In one of the most disturbing signs that low diversity on campuses is a problem, a group of students at Towson University calling themselves members of the White Students Union announced in March that they would begin nightly patrols to protect white students from “black-on-white crime”—even though college officials say Towson has one of the lowest crime rates in Maryland. When asked why he had formed the group, the organizer responded that “diversity is not strength.” Whites make up 68 percent of the students at Towson.
Hopefully we have not actually reached the point as a country when we would agree that overwhelmingly white campuses are more desirable than racially diverse campuses, or that white-student aggression toward black students is a matter to be taken in stride.
Moreover, although we rarely mention it when discussing affirmative action, racial harassment has an impact on more than just students. In May the first and only black professor of head-and-neck surgery at the University of California at Los Angeles sued the university for racial discrimination. His accusation? That he was depicted as a gorilla being sodomized by his white superior in a slide presentation to the medical-center staff.
I don’t think we fully understand what it is about the presence of certain racial groups that leads to instances of harassment by whites. But we do know that some groups covered by affirmative-action policies have not been subjected to the same kind of continuing challenges to their admission to college. Just consider the fact that since 1967, when affirmative action was extended to women by executive order, that group has probably benefited more than any other. Preferences for women have not triggered anywhere near the kind of legal controversy as racial preferences have. And while there have been affirmative-action cases about employment issues, centering on male plaintiffs’ claiming to have been discriminated against in favor of female workers, we have yet to have such a case reach the Supreme Court that focuses on college admissions. In the discussion about affirmative action and higher education, race matters most.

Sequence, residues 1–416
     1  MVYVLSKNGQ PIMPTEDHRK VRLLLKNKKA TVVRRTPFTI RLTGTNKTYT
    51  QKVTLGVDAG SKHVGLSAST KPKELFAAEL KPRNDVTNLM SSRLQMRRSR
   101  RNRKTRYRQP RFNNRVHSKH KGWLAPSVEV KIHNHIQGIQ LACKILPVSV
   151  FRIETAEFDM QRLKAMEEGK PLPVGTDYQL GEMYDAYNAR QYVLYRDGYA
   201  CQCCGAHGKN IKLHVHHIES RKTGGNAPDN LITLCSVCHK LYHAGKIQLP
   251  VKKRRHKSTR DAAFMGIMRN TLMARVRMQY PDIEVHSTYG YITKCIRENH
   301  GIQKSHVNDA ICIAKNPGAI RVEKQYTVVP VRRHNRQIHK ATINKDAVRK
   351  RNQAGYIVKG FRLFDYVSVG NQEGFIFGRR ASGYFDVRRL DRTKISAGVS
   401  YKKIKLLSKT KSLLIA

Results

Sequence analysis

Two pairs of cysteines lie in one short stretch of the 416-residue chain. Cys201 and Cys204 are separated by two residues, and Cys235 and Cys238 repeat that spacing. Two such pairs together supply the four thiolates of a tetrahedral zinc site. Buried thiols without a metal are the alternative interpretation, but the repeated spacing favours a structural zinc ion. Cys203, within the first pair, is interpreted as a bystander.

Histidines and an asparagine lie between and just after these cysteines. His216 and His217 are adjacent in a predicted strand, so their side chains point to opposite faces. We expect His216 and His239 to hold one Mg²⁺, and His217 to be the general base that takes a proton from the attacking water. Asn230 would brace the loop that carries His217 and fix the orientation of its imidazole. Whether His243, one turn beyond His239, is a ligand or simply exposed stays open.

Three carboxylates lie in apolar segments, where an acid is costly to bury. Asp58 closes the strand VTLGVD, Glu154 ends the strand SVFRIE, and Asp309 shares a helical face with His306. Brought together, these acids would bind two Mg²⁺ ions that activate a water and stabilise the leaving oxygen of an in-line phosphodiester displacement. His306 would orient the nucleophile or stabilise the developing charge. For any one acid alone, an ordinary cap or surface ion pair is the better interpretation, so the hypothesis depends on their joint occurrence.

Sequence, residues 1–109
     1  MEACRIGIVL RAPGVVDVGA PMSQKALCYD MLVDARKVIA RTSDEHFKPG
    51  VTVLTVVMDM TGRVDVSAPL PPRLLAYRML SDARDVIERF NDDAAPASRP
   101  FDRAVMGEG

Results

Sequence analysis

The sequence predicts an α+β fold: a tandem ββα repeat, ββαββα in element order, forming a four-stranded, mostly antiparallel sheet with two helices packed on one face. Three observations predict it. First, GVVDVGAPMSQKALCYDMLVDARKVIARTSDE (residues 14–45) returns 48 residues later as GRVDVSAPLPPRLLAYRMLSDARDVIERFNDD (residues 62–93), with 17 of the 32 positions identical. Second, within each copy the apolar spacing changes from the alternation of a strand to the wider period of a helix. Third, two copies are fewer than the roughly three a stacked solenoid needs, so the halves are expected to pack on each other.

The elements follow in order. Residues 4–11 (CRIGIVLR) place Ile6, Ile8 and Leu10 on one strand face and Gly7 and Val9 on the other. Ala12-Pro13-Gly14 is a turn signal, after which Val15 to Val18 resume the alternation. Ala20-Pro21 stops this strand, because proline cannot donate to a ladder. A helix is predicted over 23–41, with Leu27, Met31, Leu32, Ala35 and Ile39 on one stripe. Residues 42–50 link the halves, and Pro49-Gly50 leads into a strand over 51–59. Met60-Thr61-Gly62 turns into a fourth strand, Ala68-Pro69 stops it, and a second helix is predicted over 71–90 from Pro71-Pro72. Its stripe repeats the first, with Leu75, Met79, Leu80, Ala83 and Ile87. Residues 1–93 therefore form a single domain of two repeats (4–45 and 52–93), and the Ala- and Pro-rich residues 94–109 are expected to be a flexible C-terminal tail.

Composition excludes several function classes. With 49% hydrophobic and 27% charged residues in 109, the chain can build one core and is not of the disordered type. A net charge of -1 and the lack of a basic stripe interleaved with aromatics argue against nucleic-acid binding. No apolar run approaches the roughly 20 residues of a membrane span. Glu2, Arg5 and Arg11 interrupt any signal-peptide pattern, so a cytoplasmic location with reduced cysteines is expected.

Indeed, according to a 2009 poll by the Pew Research Center, support for the idea of affirmative action differs widely depending on how the question is posed. When respondents were asked if they broadly supported affirmative-action programs to help blacks, women, and other minorities get better jobs and education, 70 percent said they did. However, support dropped to 46 percent when people were asked if such programs should give blacks preferential treatment. Put clearly, the vast majority of people agree with the idea of affirmative action in the abstract, but have an issue with black students’ specifically benefiting from it.